You Get What You Pay For

I bought a smart phone yesterday. I didn’t really want to – none of its added functionality really appeals to me as worth the extra charges – but my ancient dumbphone is on its last legs and the ‘new’ dumbphones were all of worse design than the one I bought in 2007. Society has sent a clear message: buy a smartphone, you cheap bastard. So I did. Ah well. Thus I am compelled to shell out an extra 30 bucks per month in perpetuity in order to keep pace with the world.

Technology is a difficult master. It moves along (note I refuse to say ‘forward’) and compels us to keep pace or be shunned. This happens in every sphere of life – military, social, agricultural, architectural, etc., etc. – and it is almost impossible to stop it. This isn’t necessarily a bad thing – I do think the human race, on the whole, is better off today than it was in previous eras, and the numbers bear this out on balance – but it does require human beings to acclimate to something we fundamentally despise: change.

The world always changes. Always. Sometimes by degrees, sometimes all at once, but it always happens. Those who succeed in the world (whether we’re talking humans or animals or plants or whatever) are the ones that adapt best to it. We humans are probably the all-time adaptability champs, or at least the current title holders. It’s funny, though, how much we like to complain about it.

private investigator with magnifierAnd so that brings me back to the smartphone. The smartphone is the poster boy for the New World Order, and people have been lining up to hop on board ever since the iPhone was trotted out. It represents an age of unparalleled interconnectivity, of convenience of access, of freely flowing information, of the world at your fingertips. We, as a society, love these things. We really, honestly do. If the smartphones were to all be packed away, the internet dismantled, and the world to be disconnected, we would be miserable.

So can we all please stop bitching about losing our privacy?

Much hand-wringing and a metric ton of wailing and teeth-gnashing has accompanied our new era of connection. We keep hearing about privacy being lost, freedoms curtailed, and so on and so forth. Wired’s Marcia Hoffman writes a column about how Apple’s newest gadgetry may compromise the 5th Amendment and, you know what, she’s probably right. The thing that bothers me, though, is what did everybody think would happen?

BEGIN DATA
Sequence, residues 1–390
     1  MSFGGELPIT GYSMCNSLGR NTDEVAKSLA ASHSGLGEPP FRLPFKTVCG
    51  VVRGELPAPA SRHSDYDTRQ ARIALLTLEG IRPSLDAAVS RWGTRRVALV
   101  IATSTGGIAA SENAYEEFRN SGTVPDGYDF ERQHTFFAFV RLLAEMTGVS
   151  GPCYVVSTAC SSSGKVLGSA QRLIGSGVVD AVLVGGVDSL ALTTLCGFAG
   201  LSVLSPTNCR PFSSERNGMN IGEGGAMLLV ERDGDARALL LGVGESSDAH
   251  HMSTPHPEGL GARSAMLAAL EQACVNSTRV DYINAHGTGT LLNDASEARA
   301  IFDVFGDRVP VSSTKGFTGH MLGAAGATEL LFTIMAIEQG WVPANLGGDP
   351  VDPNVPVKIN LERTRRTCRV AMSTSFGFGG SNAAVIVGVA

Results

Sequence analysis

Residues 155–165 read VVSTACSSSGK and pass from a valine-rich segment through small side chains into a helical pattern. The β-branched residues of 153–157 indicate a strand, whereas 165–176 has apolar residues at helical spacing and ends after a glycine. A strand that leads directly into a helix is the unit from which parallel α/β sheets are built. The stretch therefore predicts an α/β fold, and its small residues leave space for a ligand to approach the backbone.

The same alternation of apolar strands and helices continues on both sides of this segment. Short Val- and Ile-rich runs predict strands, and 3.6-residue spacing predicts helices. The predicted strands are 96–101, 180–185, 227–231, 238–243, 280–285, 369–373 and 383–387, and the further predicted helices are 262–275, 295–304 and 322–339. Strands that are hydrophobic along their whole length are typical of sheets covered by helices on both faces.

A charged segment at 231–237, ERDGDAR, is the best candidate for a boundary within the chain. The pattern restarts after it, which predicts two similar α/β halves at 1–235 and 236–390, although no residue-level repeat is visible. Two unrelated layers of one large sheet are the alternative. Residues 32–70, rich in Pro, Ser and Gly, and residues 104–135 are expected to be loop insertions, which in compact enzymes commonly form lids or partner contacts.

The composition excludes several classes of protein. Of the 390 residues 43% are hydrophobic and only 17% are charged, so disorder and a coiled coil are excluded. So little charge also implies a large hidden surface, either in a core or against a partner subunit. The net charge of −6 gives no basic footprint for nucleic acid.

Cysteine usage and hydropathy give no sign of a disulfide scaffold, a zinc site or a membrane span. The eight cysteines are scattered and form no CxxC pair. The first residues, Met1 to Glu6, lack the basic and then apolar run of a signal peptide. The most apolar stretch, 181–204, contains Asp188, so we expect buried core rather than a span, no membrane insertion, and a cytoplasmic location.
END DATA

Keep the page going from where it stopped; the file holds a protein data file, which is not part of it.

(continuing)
How can you be alarmed that corporations and governments are acquiring your personal information if you spend almost ALL OF YOUR TIME shooting it through space to be intercepted? Spy agencies spy on people – it’s why they’re called spy agencies. Corporations will do anything to make money – this should not be new. How can you be so alarmed when these entities (most of which predate the Information Age) have adapted themselves to capitalizing upon the Information Age? Shouldn’t it be OBVIOUS that the NSA can hack any site on the internet they want? I mean, if they couldn’t, would they be very good at their jobs?

The crazier thing to me is that we’re acting like this is a brand new phenomenon. Businesses and governments have been doing this stuff since FOREVER, folks. Ever since there’s been secrets whispered in alleys, there’s been people hanging out in alleys to hear secrets. The only thing that’s changed is the amount of stuff we’re saying to each other and making available to each other. It only follows that the listeners would also grow.

The idea of online privacy is a charming myth, like El Dorado or the Fountain of Youth. You can’t have it. There has never been a vehicle of communication that wasn’t compromised by people wanting to make money or secure power. Never. So, if you own a gadget that connects all of your information to the rest of the world at the touch of a button, it’s merely the cost of doing business to accept that somebody else could, if they so wish, acquire that information. Get over it. Move on. Technology works both ways, folks. It always has and it always will.

Or, you know, toss out the Internet. Melt down all the smartphones. No more Facebook for you. No more blogs. Because that is the only way you will get your mythical ‘privacy’ back (assuming you ever had it in the first place which, if you ever had a credit card before the internet, you didn’t).

Unfortunately, if it’s gotten to the point where I purchased a smartphone, I think the cat is pretty well out of the bag at this point.